Trophic levels in an ecosystem are essentially the hierarchy of feeding and trophic interactions, including the transfer of energy, carbon, and nutrients from one organism to another.
The trophic pyramid (below) illustrates how energy is passed from one level to the next. While this pyramid only shows up to the level of tertiary consumers, it is possible for there to be a maximum of six trophic levels in an ecosystem.
Primary producers transform energy from sunlight into biologically-useful energy or sugars. Primary productivity is the rate at which producers can obtain energy from sunlight, and it is dependent on sunlight, temperature, and moisture.
The energy captured by primary producers is then moved up the trophic pyramid as higher-level consumers eat organisms from the levels below it.
Secondary productivity is the rate at which consumers convert organic material into biomass. In this sense, biomass describes the dry mass of organic material in an organism, and this can be used for energy. However, secondary productivity introduces no new energy into the system. It is entirely dependent on what was produced by primary productivity.
As shown in the percentages in the diagram above, as energy moves up the pyramid, only 10% of energy from the previous level is captured. The other 90% is lost as metabolic heat, due to inefficient energy transfer. This loss of energy going up the pyramid is what limits the maximum number of trophic levels to six. There is not enough energy to sustain any higher level.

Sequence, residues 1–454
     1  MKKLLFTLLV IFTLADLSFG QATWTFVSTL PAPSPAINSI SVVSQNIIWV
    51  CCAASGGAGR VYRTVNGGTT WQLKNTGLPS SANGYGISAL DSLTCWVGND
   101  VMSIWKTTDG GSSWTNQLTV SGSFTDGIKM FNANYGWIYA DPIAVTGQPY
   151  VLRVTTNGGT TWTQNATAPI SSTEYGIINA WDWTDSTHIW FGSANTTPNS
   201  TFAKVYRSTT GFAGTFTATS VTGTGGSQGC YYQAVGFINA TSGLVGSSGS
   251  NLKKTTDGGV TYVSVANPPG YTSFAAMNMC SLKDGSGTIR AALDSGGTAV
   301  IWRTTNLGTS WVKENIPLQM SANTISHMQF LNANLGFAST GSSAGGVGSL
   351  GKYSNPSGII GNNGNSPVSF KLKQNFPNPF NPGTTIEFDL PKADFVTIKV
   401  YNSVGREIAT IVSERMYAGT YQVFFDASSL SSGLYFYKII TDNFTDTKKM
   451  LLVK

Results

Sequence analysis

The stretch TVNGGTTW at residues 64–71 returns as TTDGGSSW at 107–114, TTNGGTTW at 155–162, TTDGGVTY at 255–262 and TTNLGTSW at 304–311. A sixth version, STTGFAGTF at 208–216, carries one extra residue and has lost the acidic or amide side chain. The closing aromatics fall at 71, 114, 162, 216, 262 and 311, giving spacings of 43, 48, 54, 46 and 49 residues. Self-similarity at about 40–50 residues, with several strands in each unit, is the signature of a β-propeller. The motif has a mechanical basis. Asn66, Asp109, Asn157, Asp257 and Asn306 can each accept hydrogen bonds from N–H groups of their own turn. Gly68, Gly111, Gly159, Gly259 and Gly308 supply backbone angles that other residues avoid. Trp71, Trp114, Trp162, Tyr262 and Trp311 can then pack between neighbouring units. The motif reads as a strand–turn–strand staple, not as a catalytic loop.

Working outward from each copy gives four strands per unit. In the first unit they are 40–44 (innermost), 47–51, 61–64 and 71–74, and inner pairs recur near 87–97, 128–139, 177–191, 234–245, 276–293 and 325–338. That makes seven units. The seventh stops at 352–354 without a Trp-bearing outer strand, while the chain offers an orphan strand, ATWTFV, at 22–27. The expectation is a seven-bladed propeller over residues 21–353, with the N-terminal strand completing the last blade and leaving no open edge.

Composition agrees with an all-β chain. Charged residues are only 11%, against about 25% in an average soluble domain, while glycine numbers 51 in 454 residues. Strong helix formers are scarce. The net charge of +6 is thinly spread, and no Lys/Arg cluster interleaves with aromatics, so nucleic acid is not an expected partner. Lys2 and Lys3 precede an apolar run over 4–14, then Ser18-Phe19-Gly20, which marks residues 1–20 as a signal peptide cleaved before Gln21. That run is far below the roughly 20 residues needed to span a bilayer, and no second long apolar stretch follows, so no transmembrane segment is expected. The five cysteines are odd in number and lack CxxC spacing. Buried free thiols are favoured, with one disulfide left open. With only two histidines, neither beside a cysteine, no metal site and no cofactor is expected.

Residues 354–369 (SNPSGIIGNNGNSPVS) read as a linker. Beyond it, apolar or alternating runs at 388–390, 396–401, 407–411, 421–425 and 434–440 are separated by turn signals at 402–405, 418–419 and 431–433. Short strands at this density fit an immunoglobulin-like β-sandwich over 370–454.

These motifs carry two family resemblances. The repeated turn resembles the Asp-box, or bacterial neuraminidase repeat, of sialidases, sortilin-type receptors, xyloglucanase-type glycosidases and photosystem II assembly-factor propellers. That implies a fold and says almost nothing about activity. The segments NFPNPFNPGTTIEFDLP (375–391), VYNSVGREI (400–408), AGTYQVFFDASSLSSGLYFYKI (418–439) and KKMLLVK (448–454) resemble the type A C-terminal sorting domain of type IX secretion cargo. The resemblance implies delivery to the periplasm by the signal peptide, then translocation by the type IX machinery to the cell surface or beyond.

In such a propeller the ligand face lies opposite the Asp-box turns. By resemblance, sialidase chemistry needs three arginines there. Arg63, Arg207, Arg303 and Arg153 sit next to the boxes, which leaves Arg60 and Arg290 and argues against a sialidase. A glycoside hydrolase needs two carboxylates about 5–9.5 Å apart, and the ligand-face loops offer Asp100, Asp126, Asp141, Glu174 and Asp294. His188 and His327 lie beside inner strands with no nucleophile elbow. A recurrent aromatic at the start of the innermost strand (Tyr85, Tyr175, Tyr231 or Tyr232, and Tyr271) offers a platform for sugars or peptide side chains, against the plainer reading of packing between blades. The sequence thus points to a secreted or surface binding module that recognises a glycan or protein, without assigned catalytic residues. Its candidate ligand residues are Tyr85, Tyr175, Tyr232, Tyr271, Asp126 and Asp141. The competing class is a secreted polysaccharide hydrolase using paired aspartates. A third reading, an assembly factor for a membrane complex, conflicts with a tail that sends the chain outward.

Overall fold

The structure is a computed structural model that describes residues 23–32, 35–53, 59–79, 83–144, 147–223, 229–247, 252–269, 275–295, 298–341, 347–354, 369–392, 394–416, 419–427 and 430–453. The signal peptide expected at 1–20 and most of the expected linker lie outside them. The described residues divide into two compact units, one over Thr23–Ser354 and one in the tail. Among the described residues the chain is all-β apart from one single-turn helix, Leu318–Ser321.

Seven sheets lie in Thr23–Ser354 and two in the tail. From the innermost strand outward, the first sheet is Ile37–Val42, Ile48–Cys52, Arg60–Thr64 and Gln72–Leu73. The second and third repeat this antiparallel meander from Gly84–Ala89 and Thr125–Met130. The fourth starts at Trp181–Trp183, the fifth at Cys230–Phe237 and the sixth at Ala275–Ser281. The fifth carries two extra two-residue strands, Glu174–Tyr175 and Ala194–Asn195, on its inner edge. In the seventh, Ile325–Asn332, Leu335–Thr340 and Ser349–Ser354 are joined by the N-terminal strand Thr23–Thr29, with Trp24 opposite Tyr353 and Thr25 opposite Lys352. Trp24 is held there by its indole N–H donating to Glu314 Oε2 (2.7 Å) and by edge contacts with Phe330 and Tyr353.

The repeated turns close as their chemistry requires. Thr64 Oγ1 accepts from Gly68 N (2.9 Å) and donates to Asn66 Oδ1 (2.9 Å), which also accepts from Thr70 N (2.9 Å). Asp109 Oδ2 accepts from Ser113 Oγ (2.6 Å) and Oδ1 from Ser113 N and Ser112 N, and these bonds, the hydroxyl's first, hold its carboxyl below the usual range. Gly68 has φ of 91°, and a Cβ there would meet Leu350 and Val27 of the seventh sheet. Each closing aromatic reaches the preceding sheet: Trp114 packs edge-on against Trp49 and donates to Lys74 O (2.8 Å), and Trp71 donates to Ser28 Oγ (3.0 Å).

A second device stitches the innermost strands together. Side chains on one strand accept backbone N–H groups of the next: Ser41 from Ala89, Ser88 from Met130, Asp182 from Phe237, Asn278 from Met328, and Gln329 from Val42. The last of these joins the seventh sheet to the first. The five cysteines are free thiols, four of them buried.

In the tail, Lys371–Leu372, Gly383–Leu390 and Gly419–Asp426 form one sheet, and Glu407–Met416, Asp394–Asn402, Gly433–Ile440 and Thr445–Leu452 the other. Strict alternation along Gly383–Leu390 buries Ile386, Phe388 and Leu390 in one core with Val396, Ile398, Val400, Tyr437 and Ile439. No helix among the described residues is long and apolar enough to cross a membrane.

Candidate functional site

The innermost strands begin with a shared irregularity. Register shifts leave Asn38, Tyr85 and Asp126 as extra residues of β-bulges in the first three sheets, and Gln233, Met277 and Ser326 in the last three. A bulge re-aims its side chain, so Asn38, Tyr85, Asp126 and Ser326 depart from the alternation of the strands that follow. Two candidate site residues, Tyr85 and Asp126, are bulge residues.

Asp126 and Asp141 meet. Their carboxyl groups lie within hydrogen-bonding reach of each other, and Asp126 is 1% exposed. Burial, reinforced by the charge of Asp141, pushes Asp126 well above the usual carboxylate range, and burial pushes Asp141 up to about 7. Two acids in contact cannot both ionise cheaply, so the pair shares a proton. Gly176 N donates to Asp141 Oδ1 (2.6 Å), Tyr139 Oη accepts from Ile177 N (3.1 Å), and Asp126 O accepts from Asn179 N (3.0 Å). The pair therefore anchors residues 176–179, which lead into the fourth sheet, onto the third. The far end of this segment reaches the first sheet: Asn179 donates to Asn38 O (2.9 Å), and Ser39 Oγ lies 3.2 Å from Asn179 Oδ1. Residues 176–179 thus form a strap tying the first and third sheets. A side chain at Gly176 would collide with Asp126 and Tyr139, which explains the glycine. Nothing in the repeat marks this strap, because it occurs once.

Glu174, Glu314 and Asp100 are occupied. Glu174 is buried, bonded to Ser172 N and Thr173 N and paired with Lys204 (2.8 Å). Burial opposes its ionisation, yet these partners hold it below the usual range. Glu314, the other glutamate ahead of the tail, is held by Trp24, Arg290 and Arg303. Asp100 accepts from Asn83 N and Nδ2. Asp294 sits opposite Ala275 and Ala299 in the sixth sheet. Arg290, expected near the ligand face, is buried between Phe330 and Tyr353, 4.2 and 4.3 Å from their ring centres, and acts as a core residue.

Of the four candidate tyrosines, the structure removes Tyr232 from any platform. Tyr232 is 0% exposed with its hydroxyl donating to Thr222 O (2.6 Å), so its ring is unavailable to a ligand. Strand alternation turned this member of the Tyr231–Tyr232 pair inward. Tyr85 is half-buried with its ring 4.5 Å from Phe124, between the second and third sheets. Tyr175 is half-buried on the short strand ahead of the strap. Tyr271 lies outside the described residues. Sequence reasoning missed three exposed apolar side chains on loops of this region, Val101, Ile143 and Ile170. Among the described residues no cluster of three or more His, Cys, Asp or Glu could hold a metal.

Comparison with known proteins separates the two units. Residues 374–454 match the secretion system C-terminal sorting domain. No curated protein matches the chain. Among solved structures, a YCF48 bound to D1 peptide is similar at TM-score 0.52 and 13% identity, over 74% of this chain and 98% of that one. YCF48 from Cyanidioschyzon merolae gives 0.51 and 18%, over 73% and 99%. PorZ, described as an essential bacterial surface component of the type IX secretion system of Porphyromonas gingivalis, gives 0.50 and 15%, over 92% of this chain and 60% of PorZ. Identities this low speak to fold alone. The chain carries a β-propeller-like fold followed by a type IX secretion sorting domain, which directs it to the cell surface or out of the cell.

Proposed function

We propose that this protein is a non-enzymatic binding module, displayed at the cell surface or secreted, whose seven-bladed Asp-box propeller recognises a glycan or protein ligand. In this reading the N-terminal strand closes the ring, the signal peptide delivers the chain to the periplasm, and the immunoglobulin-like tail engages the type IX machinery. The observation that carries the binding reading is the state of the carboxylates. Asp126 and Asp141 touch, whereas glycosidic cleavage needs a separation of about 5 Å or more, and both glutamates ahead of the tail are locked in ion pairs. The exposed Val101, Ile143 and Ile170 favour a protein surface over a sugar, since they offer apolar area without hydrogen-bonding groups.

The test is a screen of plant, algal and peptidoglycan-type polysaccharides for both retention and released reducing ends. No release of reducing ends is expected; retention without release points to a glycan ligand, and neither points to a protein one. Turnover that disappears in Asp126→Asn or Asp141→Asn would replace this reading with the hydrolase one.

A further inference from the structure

Food chains are representations of who eats whom in an ecosystem. This diagram demonstrates how trophic levels help us distinguish between types of organisms.
In general, most predators consume prey that is smaller than they are, so as one goes up the food chain, organisms get larger and larger. Also, the larger the organism, the more space is required for that organism to find food, which results in lower population numbers at higher levels of the food chain.
Food webs, like the one shown below, are diagrams of trophic interactions. They essentially diagram ways that organisms obtain energy from other organisms. The majority of food webs are quite complex and involve many organisms and relationships.
This food web shows that the primary producers are at the first trophic level. The primary consumers represent the second trophic level, and the secondary consumers are part of the third trophic level.